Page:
One of the most famous elements concerning the Mormon faith is its belief in an expanded scriptural canon. Besides the Bible, members of the church believe that the Book of Mormon, Doctrine and Covenants, and Pearl of Great Price are holy texts that contain the word and commands of God; more liberally, and abstractly, Mormons also believe that the words uttered by leaders today are, at least in some form, scripture, even if the official canon has been functionally closed for some time.
A new collection of essays, titled The Expanded Canon: Perspectives on Mormonism & Sacred Texts (Kofford Books, 2018), explores many of the tensions related to Mormonism’s scriptural corpus. Most of these chapters are drawn from a conference hosted by Utah Valley University’s Mormon Studies program a few years ago. Indeed, this volume is the first in a collaboration between Kofford Books and UVU, which will serve an important service for the field by reproducing some of the more provocative and smart proceedings in Mormon studies today.
The best essays in this volume are those that directly address the question of “canons” and their role within the Mormon faith, especially within a comparative context. For example, Grant Hardy explores how the Book of Mormon relates to other world scripture in terms of shaping scriptural understandings. In doing so, he points out five ways in which the text is somewhat unique: it’s narrative format, its immediate acceptance as scripture, the limited nature of revisions following first publication, the fact it predated the organized church, and the absence of later expansions. Further, Hardy posits that the volume is post-canonical in that it is very self-conscience concerning its canonical status–that is, it frames itself as scripture, reflecting its composition within a modern period. Hardy always finds a way to reveal something new concerning the Book of Mormon—and all of us should be excited about the Maxwell Institute Study Book of Mormon he’s edited—and this chapter is another example.
Another thoughtful chapter is that by David Holland. Although it’s a bit more in a theorizing vein, Holland’s chapter explores what he calls Mormonism’s triangulation of faith between scripture, authorities, and personal revelations. How do these different powers check the other, and what does the LDS faith have to say about the perennial question of undivided sovereignty? In the end, Holland concludes that Mormonism would do well to follow the example of America’s democratic tradition and turn more power to the people, as scriptural authority is to be ratified by common consent.
Perhaps the most provocative chapter is that of Ann Taves, a distinguished scholar of religious experience. Drawing from her recent book—as well as a previously-published article—Taves attempts to answer a question frequently asked by Mormon scholars like Richard Bushman and Terryl Givens: is there a way for non-Mormon scholars to take seriously the materiality of the gold plates without dismissing Joseph Smith as a fraud? Taves argues that Smith had eyes for what was possible, rather than what was mere static, and he used material objects to create supernatural space. For existence, what if he saw the creation of “gold” plates as a collaboration with God, similar to a Catholic priest transforming sacrament emblems into the flesh and blood of Christ? Or, to use a Book of Mormon example, akin to how the brother of Jared provided the stones for God to turn into lights for the Jaredite barges? Not all readers will be convinced by this theory, but it raises interesting questions and opens new interpretive avenues.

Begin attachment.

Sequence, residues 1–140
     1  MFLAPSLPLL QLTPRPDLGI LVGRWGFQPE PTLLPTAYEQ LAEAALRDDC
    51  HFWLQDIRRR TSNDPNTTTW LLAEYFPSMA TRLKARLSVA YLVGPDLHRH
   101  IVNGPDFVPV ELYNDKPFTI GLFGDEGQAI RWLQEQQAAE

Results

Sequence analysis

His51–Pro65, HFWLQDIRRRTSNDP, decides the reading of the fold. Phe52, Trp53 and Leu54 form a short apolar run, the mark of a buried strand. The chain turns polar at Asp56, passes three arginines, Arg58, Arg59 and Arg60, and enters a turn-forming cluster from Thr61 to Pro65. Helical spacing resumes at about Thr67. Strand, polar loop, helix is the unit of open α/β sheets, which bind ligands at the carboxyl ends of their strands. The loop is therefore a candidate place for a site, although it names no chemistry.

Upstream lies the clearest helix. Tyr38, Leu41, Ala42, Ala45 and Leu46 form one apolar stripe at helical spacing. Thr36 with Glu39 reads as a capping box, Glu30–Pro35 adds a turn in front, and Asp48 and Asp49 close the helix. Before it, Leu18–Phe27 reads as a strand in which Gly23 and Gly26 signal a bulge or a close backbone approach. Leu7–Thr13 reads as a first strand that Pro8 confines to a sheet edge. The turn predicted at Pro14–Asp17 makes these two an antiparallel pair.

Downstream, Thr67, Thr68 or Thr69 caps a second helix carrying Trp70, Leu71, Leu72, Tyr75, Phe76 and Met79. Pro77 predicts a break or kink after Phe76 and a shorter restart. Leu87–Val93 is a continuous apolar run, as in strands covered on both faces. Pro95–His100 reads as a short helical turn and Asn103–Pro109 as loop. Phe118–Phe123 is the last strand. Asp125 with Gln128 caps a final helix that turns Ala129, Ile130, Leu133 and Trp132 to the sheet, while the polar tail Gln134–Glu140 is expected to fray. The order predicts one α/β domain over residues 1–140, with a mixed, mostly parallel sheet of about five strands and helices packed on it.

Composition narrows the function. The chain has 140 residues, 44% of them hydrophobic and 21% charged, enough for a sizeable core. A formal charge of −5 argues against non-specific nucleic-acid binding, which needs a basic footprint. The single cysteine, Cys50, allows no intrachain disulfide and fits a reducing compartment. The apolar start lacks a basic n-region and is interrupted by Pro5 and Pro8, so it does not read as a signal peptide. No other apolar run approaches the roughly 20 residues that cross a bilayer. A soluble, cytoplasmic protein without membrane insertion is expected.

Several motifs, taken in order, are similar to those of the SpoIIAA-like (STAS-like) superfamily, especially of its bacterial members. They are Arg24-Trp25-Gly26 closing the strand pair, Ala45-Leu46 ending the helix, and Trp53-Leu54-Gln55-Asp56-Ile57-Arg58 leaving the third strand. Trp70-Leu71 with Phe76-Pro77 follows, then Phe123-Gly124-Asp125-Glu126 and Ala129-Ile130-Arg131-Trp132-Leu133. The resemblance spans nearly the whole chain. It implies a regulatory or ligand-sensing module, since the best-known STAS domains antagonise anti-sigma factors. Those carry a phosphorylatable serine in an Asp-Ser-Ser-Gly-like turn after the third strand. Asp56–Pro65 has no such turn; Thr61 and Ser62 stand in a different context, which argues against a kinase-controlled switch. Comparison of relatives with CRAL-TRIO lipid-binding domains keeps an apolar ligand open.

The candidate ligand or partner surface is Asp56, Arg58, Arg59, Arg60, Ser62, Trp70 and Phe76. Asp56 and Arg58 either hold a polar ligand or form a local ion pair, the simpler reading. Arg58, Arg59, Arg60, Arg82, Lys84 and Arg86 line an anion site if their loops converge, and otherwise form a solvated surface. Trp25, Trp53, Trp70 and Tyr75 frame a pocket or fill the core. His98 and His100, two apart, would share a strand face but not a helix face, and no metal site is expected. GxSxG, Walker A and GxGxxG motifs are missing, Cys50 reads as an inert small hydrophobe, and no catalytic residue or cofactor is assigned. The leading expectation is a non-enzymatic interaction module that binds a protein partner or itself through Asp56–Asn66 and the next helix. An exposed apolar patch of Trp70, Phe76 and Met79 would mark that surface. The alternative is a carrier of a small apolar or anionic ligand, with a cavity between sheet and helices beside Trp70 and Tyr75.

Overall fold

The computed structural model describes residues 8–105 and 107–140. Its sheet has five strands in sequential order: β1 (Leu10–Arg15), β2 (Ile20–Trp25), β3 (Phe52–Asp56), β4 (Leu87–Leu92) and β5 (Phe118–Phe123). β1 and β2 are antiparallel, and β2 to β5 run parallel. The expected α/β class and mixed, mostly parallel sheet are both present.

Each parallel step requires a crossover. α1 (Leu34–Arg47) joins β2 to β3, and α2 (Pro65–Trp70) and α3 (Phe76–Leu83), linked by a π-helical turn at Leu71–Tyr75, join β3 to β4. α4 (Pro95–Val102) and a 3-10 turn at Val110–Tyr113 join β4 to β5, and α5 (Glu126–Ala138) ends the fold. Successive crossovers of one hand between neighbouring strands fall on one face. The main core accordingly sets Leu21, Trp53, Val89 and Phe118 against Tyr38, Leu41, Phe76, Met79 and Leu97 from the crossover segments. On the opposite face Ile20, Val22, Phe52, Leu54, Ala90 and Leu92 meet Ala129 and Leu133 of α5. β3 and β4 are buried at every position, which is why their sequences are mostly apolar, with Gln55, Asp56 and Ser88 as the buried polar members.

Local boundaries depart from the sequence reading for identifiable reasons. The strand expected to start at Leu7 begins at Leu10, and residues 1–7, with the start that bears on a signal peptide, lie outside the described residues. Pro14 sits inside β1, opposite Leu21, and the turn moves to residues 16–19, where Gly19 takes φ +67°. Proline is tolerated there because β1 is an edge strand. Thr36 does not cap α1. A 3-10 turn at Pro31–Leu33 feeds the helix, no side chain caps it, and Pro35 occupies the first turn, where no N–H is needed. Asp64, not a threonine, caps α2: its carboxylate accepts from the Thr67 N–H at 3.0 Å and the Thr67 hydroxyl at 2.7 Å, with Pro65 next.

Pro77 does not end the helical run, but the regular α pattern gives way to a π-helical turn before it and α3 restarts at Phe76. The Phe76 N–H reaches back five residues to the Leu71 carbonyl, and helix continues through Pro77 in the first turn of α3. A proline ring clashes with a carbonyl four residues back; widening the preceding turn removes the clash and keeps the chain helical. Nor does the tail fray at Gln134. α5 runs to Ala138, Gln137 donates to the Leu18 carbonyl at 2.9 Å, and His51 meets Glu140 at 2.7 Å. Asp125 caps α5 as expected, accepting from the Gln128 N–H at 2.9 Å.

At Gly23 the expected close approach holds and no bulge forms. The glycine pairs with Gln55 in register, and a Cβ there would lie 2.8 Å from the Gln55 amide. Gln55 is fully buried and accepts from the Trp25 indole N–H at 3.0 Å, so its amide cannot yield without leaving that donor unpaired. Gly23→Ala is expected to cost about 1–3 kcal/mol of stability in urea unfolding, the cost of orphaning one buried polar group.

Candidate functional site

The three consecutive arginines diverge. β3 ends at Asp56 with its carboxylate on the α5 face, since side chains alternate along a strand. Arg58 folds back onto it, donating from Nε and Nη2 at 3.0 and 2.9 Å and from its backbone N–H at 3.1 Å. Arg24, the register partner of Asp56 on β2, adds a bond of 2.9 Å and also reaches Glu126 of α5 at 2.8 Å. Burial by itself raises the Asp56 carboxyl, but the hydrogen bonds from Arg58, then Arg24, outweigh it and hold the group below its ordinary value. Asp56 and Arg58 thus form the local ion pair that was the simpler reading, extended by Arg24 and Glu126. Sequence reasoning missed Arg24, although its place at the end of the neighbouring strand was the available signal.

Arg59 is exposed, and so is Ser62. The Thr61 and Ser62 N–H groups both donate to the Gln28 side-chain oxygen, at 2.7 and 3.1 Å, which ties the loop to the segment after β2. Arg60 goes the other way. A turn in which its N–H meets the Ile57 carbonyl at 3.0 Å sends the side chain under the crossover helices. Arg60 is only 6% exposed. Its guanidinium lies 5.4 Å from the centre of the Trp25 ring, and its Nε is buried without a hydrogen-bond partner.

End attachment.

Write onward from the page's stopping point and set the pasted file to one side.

Other chapters that are more history-based are less experimental, but still fascinating. Brian Hauglid’s overview of how the Pearl of Great Price became accepted as scripture was enlightening, even if he came up short of asking the complex canon-related questions, and Paul Gutjahr’s chapter on the three major publishing moments of the Book of Mormon (the 1830s, 1870s, and 1980s) places LDS print history in a much broader context.
Any edited collection will have an awkward mix of chapters, both in tone and quality, especially when they are based on conferences. The Expanded Canon is especially so. Some of the chapters, like Holland’s and Taves’s, are substantial and sustained arguments; others, like the chapter by Richard Bushman, is more like a brief yet thoughtful essay. While of a very different tone and interpretive vein, I couldn’t help but enjoy Claudia Bushman’s musings on what could count as a “canon” of LDS women’s history. She posited a few examples, like Lucy Mack Smith’s history and Emma Smith’s later interviews, and her usual enthusiasm is infectious.
Beyond being more consistent with its rigor, I wish the volume could have been more diverse with regard to gender and race, both in terms of content and its authors. Only two of the sixteen authors were women, and none were people of color. Beyond being “political correct,” this narrow structure limits the very question of “canonicity” and—in an ironic twist—replicates some of the very systematic issues of Mormonism’s canonical tradition. Especially after reading Decolonizing Mormonism last week, the contrast was jarring. I’m sure future volumes in the UVU Comparative Mormon Studies series will do much better.
In summary, there are some very thoughtful and important chapters in this volume. Mormonism’s “canon” will long vex outside observers, but hopefully these authors can help supply some answers.